Chaos theory and Hayek
Chris M. Sciabarra
sciabrrc at is2.NYU.EDU
Sun Sep 17 19:47:08 MDT 1995
On Sun, 17 Sep 1995, Chris Burford wrote:
> Chris S, fresh from his book publishing activities has posted
> an admirably lucid comment on "chaos/Marxism/anachronism.
> There is very much I would agree with in what he attributes to Hayek
> (quote below).
> a) it assumes the socialism is about rigid centralised planning.
> Although Marx and Engels called, in the Communist Manifesto, for
> the immediate formation of land armies, they also presumed something
> described as the withering away of the state. Marxism can be reinterpreted
> in a less rigid and mechanical way than has been assumed this century.
This is true; but to the extent that the alternative usurps
spontaneous market forces and their coordinative networks, socialists
still face a huge calculation problem, IMO.
> b) Chaos theory is neutral, but both sides may attempt to
> use it. A clear pamphlet on Chaos Theory by the right wing Adam
> Smith Institute in London suggests that it vindicates of course
> right wing economics but specifically the Austrian school of Hayek etc.
> - one reason why I have always followed Chris S's contributions with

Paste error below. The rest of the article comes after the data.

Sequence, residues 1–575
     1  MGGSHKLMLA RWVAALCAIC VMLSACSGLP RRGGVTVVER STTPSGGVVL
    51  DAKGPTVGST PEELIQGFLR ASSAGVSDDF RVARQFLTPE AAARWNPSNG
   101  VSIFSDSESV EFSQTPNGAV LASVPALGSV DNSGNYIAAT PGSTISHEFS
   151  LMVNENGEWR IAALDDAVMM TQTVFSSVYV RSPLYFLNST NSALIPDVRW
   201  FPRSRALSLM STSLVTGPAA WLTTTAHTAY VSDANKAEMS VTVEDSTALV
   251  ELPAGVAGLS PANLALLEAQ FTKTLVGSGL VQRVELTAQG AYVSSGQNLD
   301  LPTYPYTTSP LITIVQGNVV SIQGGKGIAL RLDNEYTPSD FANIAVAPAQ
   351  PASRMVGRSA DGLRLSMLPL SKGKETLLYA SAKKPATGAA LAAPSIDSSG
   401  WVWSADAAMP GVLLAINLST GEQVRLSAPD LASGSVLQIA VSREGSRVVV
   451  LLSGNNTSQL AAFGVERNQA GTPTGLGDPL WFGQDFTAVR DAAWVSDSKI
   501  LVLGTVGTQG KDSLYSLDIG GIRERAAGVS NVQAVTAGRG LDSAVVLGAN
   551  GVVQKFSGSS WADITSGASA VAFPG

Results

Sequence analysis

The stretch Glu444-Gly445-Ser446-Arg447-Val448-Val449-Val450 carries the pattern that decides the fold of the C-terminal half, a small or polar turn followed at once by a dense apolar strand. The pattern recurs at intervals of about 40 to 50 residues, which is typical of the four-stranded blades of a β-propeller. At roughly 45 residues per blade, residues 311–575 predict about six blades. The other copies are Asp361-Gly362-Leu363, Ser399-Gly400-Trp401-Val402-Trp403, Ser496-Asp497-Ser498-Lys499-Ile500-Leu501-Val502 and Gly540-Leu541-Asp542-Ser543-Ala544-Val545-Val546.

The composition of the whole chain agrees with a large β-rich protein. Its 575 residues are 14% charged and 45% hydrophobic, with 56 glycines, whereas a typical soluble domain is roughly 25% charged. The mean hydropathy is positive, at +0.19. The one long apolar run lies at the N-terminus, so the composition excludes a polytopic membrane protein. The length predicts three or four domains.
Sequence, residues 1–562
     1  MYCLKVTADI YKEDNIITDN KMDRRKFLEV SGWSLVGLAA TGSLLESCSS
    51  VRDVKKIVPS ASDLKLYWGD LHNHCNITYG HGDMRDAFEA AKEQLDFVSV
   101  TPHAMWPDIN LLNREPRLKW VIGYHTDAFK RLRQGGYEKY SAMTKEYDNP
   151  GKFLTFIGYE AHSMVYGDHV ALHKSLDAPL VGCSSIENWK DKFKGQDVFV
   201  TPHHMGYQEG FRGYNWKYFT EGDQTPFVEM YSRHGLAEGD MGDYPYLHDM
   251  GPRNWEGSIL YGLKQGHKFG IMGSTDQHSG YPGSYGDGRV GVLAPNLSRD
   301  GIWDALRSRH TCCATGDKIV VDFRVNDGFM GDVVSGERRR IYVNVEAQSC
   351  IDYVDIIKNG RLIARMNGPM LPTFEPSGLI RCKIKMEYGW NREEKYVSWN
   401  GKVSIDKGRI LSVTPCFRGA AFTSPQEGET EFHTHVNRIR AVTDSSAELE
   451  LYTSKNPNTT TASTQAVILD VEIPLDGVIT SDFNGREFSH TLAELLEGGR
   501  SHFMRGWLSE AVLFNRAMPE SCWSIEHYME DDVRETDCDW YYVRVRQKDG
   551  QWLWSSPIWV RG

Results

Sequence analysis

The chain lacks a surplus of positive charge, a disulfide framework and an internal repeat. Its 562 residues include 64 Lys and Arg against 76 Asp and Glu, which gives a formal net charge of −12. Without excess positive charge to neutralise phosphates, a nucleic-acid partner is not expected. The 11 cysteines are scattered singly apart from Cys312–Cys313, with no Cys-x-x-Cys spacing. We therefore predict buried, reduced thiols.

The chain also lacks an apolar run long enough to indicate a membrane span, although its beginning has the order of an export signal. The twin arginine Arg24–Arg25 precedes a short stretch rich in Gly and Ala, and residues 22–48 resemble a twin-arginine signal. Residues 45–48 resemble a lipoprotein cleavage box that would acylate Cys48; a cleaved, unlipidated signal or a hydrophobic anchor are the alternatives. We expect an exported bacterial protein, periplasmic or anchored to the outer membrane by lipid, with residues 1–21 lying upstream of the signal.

> But there is a catch for them. Fine reading of the argument suggests that
> actually it *is* wise not just for companies but also for countries
> to prepare themselves for the difficulties of predicting the future
> and one of the ways of doing this is to invest in education. And IMO
> that opens the door also to other social engineering possibilities.
I agree that state education does open the door to other social
> Therefore admirers of Hayek in practice may wish to exert some social
> guidance over the means of production. Socialists, who might prefer
> outright social ownership of the means of production, also wish to argue
> for social guidance and control.
> ... Capitalists cannot afford to operate on that principle, and especially
> the biggest monopoly companies do not.
> Every market in history has been regulated. The question is,
> will they be secretly regulated for the capitalists, or openly
> regulated for the workers?
I agree that no market has operated without some form of
regulation -- only if we mean that state influences have never been
absent from markets. Obviously, however, there is a real difference
between "the rule of law" and state interference with production,
distribution, consumption, etc. And as far as capitalists TRYING to gain
monopolistic control -- this too, cannot be achieved without some form of
political intervention. By the way, the Austrians are as critical of
monopoly as they are of "socialism" in that to the extent to which each
destroys rivalrous competition, calculational chaos often results. Which
is why, according to Austrian-libertarian theorist Murray Rothbard, one
big monopoly has not evolved spontaneously. If it were profitable for
one big monopoly to exist, socialism would have been here a long time ago.
Dr. Chris M. Sciabarra
Visiting Scholar, NYU Department of Politics
INTERNET: sciabrrc at is2.nyu.edu
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